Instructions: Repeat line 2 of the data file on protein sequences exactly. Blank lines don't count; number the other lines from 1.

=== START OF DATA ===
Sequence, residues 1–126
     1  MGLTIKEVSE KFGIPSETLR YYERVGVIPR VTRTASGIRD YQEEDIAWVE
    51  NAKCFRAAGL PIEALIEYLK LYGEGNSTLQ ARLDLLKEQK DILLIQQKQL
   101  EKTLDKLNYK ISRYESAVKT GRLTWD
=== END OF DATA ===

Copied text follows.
     1  MGLTIKEVSE KFGIPSETLR YYERVGVIPR VTRTASGIRD YQEEDIAWVE